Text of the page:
UW News

March 14, 2018

Could anti-Trump sentiment mobilize African-American voters in 2018?


African-American voters who dislike and feel threatened by Donald Trump and his presidency are more likely to vote and to engage with politics, according to new research from the UW and California State University, Sacramento.

March 8, 2018

‘Trump in the World’: Jackson School faculty give public talks through spring quarter


The UW Jackson School of International Studies presents “Trump in the World: International Implications of the Trump presidency,” a series of public lectures and discussions Tuesday afternoons through spring quarter.

UW political scientist Megan Ming Francis named fellow with NAACP’s Thurgood Marshall Institute

UW political science associate professor Megan Ming Francis. Story is that she has been named a fellow of the NAACP's Thurgood Marshall Institute.

Megan Ming Francis, UW associate professor of political science, has been named a fellow with the Thurgood Marshall Institute. The institute is a multidisciplinary research and advocacy policy center within the NAACP’s Legal Defense and Educational Fund.

March 5, 2018

Harry Bridges Center for Labor Studies to hold ‘Re-imagining Solidarity’ conference March 10


Immigrant rights, environmental concerns and racial, class, gender and sexual justice will be the focus of a daylong conference hosted by the Harry Bridges Center for Labor Studies March 10 at the UW.

March 2, 2018

Celebrated poet Charles Simic to give UW’s 54th Theodore Roethke Poetry Reading April 12

Charles Simic

Charles Simic, one of America’s most celebrated poets, will give the 2018 Theodore Roethke Memorial Poetry Reading on April 12. Simic will be the 54th poet to appear in the series since its inception in 1964.

February 21, 2018

A talk with UW historian Quintard Taylor: Taking ‘the long view’ in troubled times

Quintard Taylor giving the 2016 Denny Lecture at the Museum of History and Industry, Seattle, Washington on Tuesday, March 29, 2016

Quintard Taylor, UW professor emeritus of history and recipient of a lifetime achievement honor from Washington State Historical Society, discusses his work and this unusual moment in American history.

February 13, 2018

‘Supply Chain’: New book of poems from UW’s Pimone Triplett

Pimone Triplett, University of Washington associate professor of English and creative writing, has released a new book of poems, her fourth. "Supply Chain" was published by the University of Iowa Press in late 2017.

Pimone Triplett, UW associate professor of English and creative writing, has released “Supply Chain,” her fourth book of poems.

February 6, 2018

UW astronomer Woody Sullivan assists in renovation of Olympia’s Territorial Sundial

Woody Sullivan, UW professor emeritus of astronomy, consults with Larry Tate, principal at Seattle's Fabrication Specialties Ltd., right, on the necessary angle and placement of a new gnomon to ensure the time-keeping accuracy of Olympia's Territorial Sundial.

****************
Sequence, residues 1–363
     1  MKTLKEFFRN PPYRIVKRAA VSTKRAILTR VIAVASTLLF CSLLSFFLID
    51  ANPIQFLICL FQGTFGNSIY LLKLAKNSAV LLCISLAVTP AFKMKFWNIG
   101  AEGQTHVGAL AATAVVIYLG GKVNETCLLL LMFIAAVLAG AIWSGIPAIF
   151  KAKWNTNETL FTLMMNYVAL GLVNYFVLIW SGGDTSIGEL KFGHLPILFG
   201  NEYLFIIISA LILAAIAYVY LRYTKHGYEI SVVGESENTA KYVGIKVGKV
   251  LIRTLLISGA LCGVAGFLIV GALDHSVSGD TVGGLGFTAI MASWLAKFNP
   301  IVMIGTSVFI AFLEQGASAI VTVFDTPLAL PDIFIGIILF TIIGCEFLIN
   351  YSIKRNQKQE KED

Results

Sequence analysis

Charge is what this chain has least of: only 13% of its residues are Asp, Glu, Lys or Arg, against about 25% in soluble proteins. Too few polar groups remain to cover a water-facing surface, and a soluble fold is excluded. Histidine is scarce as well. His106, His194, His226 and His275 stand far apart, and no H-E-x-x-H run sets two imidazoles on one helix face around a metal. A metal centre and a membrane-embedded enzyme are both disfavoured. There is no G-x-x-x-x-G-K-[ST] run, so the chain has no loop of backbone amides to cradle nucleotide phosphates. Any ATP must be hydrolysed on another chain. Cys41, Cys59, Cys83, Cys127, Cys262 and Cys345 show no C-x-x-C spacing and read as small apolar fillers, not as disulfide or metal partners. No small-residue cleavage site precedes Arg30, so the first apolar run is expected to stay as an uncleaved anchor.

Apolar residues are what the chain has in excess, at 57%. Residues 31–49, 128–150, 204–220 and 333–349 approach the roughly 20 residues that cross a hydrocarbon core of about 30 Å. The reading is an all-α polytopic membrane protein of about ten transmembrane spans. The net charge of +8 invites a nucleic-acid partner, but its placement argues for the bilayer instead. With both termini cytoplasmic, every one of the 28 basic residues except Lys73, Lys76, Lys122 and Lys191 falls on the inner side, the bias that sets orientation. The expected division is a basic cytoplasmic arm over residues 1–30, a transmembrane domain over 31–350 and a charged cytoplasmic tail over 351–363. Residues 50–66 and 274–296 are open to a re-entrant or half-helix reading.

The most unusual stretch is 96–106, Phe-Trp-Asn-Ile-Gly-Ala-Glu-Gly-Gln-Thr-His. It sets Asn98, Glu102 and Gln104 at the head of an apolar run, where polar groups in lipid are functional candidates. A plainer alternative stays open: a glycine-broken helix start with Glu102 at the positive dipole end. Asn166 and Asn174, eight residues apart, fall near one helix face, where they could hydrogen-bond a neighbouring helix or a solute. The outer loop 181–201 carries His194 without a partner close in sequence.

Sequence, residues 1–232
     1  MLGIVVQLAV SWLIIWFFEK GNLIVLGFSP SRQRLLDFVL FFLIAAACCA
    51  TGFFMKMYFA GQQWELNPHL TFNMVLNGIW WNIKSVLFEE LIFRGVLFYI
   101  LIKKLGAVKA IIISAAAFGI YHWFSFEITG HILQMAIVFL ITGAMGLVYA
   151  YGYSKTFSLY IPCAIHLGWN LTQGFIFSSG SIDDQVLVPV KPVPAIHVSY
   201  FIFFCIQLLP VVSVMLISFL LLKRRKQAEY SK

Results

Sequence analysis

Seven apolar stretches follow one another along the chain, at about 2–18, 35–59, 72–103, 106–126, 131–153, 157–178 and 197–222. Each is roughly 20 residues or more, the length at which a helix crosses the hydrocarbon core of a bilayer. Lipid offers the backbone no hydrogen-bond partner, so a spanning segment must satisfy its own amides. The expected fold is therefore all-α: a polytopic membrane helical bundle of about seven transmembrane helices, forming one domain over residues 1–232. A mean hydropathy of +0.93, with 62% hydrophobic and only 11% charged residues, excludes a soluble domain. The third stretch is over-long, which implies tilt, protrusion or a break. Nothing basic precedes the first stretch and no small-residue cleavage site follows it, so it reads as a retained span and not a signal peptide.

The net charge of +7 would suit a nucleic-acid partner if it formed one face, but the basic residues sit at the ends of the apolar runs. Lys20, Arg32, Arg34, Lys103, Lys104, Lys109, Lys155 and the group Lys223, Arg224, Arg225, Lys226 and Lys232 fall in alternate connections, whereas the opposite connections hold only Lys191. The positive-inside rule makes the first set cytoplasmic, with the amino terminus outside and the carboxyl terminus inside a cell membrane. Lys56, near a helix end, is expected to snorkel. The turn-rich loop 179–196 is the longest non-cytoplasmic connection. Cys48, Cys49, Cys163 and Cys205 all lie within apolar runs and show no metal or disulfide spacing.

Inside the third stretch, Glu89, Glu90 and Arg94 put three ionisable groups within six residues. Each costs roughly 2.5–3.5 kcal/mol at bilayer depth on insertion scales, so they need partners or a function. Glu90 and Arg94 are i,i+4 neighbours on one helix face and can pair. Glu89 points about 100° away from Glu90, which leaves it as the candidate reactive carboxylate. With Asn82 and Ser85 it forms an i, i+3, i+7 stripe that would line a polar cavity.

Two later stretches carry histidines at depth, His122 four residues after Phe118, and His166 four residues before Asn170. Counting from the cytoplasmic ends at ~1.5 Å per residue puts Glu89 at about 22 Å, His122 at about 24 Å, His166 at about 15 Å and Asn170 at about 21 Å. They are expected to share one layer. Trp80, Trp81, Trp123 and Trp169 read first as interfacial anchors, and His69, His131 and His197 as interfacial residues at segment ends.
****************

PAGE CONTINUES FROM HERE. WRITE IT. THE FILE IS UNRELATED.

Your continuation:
After six months of repair and restoration — assisted by UW astronomer and sundial expert Woody Sullivan — Olympia’s iconic Territorial Sundial is back in place.

February 5, 2018

Watery worlds: UW astronomer Eric Agol assists in new findings of TRAPPIST-1 planetary system

This artist's concept shows what the TRAPPIST-1 planetary system may look like, based on available data about the planets' diameters, masses and distances from the host star, as of February 2018.

A team of astronomers including Eric Agol of the University of Washington has found that the seven Earth-sized planets orbiting the star TRAPPIST-1 are all made mostly of rock, and some could even have more water — which can give life a chance — than Earth itself. The research was led by Simon Grimm of…

January 26, 2018

School of Music’s Laila Storch republishes biography of renowned oboist, teacher Marcel Tabuteau


A biography of world-renowned oboe performer and teacher Marcel Tabuteau by the UW School of Music’s Laila Storch has been republished in paperback by Indiana University Press.

January 25, 2018

Dan Berger discusses excesses of incarceration in new book ‘Rethinking the American Prison Movement’


Dan Berger, associate professor in the UW Bothell School of Interdisciplinary Arts and Sciences, discusses his new book, “Rethinking the American Prison Movement.”

January 16, 2018

Task interrupted: A plan for returning helps you move on

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Get interrupted at work much? Making a quick plan for returning to and completing the task you’re leaving will help you focus better on the interrupting work, according to new research from the University of Washington.

January 4, 2018

New book ‘City Unsilenced’ explores protest and public space

"City Unsilenced: Urban Resistance and Public Space in the Age of Shrinking Democracy," edited by the UW's Jeff Hou, with Sabine Knierbein, was published by Routledge

Jeff Hou, UW professor of landscape architecture, discusses the new book he co-edited with Sabine Knierbein, “City Unsilenced: Urban Resistance and Public Space in the Age of Shrinking Democracy.”

January 3, 2018

Space dust, not aliens: Two UW astronomers assist in new research on ‘mysterious’ star

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UW astronomers Brett Morris and James Davenport assisted in new research on “Tabby’s Star,” named for Louisiana State University astronomer Tabetha Boyajian.

Essay by UW historian Laurie Marhoefer named most memorable of 2017 by The Conversation US

Laurie Marhoefer, UW assistant professor of history

An essay by Laurie Marhoefer, UW assistant professor of history, has been named the most memorable of the year 2017 by the editors and readers of The Conversation US.